Zilker Holiday Tree

It was constructed for the first time in 1967, and is resurrected every year for the Trail of Lights.
Why it's one of the seven wonders: While it may only be on display during the holidays, the Trail of Lights’ main attraction is certainly worthy of wonder, and in 2016 the nation’s tallest man-made, free-standing holiday tree will light up Zilker Park for the 50th year. The festive 155ft structure is comprised of 19 14ft utility poles at the base (surrounding the moon tower of Dazed and Confused fame), and incorporates 39 streamers, each boasting 81 bulbs and making for a massive, twinkling display with over 3,300 lights -- all topped off with a 10ft star. Which might make it slightly bigger than your standard Christmas tree.

The Texas Capitol

Built in 1882-1888 by Elijah E. Myers (architect), Abner Taylor (chief contractor)
Why it's one of the seven wonders: Everything is bigger in Texas, and the Capitol building is no exception: at 311ft from ground to the top of the dome, ours stands higher than even the US capitol in DC. A roughly $3.7 million endeavor that when originally completed boasted 392 rooms, 18 vaults, 924 windows, and 404 doors, what was impressive a century ago could still be considered a modern marvel today. But while it’s certainly cool on the historical, architectural, and aesthetic fronts, for the most immature of Texans, perhaps the real highlight of a visit to the Capitol is yelling dirty words into the echo chamber.

Darrell K Royal-Texas Memorial Stadium

Built in 1924; Herbert M. Greene was the architect behind the stadium’s original design, while the building was first constructed by Walsh and Burney of San Antonio.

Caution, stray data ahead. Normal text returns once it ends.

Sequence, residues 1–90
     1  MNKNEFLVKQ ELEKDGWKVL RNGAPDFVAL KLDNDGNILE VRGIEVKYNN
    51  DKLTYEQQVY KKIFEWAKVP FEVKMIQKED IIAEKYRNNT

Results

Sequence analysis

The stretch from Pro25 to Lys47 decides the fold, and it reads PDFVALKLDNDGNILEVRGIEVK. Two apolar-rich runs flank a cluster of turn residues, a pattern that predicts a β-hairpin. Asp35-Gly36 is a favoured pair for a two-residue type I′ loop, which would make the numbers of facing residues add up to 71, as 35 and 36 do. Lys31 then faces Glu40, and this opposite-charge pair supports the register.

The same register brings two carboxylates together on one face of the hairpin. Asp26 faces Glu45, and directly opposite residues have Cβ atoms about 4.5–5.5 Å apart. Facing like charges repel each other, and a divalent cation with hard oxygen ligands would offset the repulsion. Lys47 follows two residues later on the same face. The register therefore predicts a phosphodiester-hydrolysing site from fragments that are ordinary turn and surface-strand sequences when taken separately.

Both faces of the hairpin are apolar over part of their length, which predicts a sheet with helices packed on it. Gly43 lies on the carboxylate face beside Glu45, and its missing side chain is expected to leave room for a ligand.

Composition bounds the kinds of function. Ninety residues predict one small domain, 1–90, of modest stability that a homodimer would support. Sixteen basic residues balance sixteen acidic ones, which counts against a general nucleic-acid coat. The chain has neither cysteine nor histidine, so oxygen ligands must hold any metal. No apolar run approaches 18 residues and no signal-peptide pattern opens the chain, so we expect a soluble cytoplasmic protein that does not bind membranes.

Why it's one of the seven wonders: While we love our Friday night lights, what’s even more awe-inspiring in Austin is the sight of 101,000 burnt orange-bedecked fans filling the stands of Darrell K Royal-Texas Memorial Stadium on a Saturday. Originally constructed in 1924, the massive arena is named for the legendary Longhorns coach and has been dedicated to American veterans of all wars. With 90+ seasons having been played there, the stadium has been maintained and expanded via plenty of renovations, while over the years, fans within its confines have witnessed amazing plays, triumphant wins, heartbreaking losses and intense rivalry games.

Oh, and as a bonus, now they serve beer. Which is pretty wonderful, as well.

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Sam Sumpter is an Austin-based writer who kinda considers herself the eighth wonder of the Austin world. Follow her Spotify recs, Seinfeld-related retweets and general shameless self promotion at @its_sam_babaaay (which she is aware is a very juvenile Twitter handle).